Wednesday, February 24, 2016

The Flying Saucer: A Manufactured Concept by Herbert Hackett







The Flying Saucer
A Manufactured Concept

Herbert Hackett
Ohio Wesleyan University 

(From Sociology and Social Research, May- June, 1948.)

It is interesting to examine the making of public opinion in the matter of the "flying saucer." Public opinion is, of course, not a thing, but the mixture of responses of a number of people to similar or related stimuli. This mixture takes form as a stereotyped, verbalized concept which is, for all practical purposes, a thing and thus used as the basis for action.1 The flying saucer is an excellent subject in that it is almost wholly a manufactured concept, lasting a short period of time and, so, easy to study.  It is, in addition, not too closely tied to the emotional colorations of prejudice and habit which would distort a similar study of opinion on Russia, vivisection, or the home. 

It was of little immediate interest when a pilot in Idaho “saw” a flying saucer. The wire services carried the story, tongue in cheek, and, having little news in the area, kept it alive from day to day with recapitulations of the original. Early the stereotyped concept was suggested; the term “flying saucer” was simple, so homely that everyone could visualize it. It was at once given authority by its appearance in the press. "There must be something to it. I read it in the paper.”

Later, we will see, the concept was strengthened by repetition, repetition by variations, “scientific" evidence and speculation, photography, analogy, wit, denial, apology. Newspapers, through juxtaposition, headlining, and suggestion, soon related it to other concepts, to well-established stereotypes and slogans — “the greatest air force in the world" and universal military training to protect "the American way of life" from "the menace of red- Fascism." Other events were soon reported which fitted the general pattern of the first story of early June 1947. A pilot "saw" one of the "what'sits" at 10,000 feet, going at 1,200 mph. When next “seen" the saucers had already acquired common, if vague, attributes of shape, size, speed, and altitude, and in a day or two had added "a blue, fiery tail," or "two tails like a comet." They came out of the West. 

So far there had been only a groping toward a plausible concept, with a gradual elimination of less easily grasped characteristics such as "disintegration," lateral and/or vertical revolution, and a "blister" for the pilot. Seemingly, however, the picture was about complete, for the wire services and editors the country over began to “lay” the story, concentrating all news of the event in one place, featuring the story by headlining and position, dramatizing it through pictures, invoking every “expert" in the land for pontification.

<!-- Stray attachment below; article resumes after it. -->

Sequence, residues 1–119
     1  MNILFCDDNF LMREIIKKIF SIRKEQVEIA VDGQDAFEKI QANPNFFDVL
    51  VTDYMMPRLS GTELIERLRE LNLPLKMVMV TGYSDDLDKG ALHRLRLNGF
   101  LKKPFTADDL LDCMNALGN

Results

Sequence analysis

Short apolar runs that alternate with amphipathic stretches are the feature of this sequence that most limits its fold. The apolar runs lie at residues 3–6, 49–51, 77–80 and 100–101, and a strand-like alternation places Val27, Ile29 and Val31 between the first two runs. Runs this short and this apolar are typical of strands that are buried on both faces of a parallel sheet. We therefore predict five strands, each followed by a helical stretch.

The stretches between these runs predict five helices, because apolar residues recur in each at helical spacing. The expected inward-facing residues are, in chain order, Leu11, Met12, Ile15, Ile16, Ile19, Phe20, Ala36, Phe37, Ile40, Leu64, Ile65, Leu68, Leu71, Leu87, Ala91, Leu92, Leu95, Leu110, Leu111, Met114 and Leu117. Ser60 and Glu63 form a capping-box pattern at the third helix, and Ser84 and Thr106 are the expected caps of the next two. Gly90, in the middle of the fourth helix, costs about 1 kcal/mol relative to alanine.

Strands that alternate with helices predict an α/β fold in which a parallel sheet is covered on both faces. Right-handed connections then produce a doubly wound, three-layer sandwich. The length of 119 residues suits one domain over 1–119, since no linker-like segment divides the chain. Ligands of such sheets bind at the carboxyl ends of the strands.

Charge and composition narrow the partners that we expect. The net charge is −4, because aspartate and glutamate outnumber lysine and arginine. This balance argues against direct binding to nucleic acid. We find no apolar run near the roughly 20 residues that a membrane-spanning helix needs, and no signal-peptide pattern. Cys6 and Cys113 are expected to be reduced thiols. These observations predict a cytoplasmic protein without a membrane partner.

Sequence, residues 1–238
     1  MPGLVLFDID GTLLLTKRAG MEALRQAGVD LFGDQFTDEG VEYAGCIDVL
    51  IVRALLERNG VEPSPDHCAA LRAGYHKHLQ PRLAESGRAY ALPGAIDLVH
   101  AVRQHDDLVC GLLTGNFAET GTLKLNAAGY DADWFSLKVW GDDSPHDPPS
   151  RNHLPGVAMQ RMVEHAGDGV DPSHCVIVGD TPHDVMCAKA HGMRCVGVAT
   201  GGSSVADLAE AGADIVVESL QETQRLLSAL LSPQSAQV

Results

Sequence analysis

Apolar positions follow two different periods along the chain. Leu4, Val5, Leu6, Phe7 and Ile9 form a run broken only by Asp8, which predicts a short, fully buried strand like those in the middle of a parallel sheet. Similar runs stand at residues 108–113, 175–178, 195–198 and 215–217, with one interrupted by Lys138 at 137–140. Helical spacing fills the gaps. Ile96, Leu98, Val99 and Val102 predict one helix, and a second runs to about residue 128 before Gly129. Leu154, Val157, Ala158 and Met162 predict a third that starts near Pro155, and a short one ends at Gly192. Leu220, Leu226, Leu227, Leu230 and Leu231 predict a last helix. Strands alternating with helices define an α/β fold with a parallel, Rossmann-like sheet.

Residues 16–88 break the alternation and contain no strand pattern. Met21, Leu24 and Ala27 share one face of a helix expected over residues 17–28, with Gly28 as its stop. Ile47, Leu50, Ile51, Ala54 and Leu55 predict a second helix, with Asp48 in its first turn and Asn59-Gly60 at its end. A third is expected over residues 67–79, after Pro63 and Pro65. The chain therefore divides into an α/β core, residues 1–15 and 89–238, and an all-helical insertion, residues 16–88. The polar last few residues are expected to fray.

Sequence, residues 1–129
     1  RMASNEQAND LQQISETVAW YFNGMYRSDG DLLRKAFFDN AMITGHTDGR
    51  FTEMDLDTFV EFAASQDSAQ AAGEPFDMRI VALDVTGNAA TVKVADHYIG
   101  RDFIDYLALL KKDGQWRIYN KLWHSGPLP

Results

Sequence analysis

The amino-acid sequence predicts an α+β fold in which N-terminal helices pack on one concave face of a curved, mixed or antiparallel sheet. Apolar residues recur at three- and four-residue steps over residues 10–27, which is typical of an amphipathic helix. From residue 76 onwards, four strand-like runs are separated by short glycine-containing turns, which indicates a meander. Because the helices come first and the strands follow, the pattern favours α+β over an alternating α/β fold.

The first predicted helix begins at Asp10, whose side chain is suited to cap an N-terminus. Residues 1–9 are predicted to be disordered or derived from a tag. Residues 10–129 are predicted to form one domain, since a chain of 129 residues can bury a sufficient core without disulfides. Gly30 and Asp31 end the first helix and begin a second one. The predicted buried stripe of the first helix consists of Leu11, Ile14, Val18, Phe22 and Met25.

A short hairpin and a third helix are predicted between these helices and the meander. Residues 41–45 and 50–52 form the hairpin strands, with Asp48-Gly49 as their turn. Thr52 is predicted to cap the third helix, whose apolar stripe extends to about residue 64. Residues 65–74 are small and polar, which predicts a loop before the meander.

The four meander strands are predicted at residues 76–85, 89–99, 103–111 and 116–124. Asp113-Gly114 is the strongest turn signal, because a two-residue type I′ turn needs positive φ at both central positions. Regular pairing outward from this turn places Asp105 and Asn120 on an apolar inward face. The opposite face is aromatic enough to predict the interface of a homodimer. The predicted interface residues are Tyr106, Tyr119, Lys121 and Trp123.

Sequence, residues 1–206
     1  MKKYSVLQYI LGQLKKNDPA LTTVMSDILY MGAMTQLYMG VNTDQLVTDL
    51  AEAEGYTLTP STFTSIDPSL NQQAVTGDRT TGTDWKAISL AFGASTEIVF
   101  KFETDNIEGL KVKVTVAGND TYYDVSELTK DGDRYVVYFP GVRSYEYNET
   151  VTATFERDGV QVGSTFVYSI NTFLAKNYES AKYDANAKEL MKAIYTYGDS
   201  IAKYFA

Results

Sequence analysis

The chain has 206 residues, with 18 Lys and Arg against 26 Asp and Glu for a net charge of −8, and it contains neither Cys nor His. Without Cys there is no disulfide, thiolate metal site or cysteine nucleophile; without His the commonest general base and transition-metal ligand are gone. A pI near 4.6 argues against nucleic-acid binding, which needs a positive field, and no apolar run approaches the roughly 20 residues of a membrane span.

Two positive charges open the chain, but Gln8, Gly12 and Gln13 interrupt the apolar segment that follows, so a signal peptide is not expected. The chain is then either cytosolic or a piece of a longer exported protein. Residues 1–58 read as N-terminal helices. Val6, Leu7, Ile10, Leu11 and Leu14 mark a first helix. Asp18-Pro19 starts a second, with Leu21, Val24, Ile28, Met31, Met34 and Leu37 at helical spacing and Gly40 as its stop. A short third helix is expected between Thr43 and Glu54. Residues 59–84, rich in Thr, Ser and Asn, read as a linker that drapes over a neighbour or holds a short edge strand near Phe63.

If we take Los Angeles as an example, it is interesting to note the lack of "live" news at the moment. The sensational Overell murder case had become involved in legal technicalities. There had not been for some time a sex crime where the “partially clad body" of a beautiful, young woman had been found.3 At the national level, John L. Lewis had been “good” for several weeks, coming to terms with the big steel companies, and the Russian”front" was still stalemated.

In the week of the saucer story St. Louis was concerned with the threat of flood and Chicago was involved in bitter discussion of rent control, but these were matters of local interest. In most of the nation it was a “ low” week, from an editor's viewpoint.

The scarcity of news was thus a large factor in the rapid increase of interest in the story. This increase is shown by a table, based on the Los Angeles Times
Date Total Inches   Page One Inches 
July 4 
July 5  28 
July 6  92  36 
July 7  136  32 
July 8  95  18 
July 9  57  13 
July 10 
Samples of flying saucer headlines


The Los Angeles Herald Express, on July 7, devoted over half the front page to the story, putting it in the same class as V-J Day and the "Black Dahlia" sex murder. The national coverage is somewhat less than the Los Angeles average. The Chicago Sun, not a “yellow" sheet in the usual sense, devoted 194 inches, 60 on the front page, on July 8. The story was displayed with two “end of the world" headlines, an 84-point and a 72-point streamer, both 8 columns.5 This is little less than the V-J Day display. 

The Cleveland Plain Dealer was more representative of the conservative press, with a  peak of 68 inches and a maximum of 18 inches on page one. The St. Louis Post Dispatch, recognized for its sense of news values, did not go above 55 inches, and never displayed the story higher than the fold of the front page. Both papers tended to treat the saucer as a human interest feature and not as news.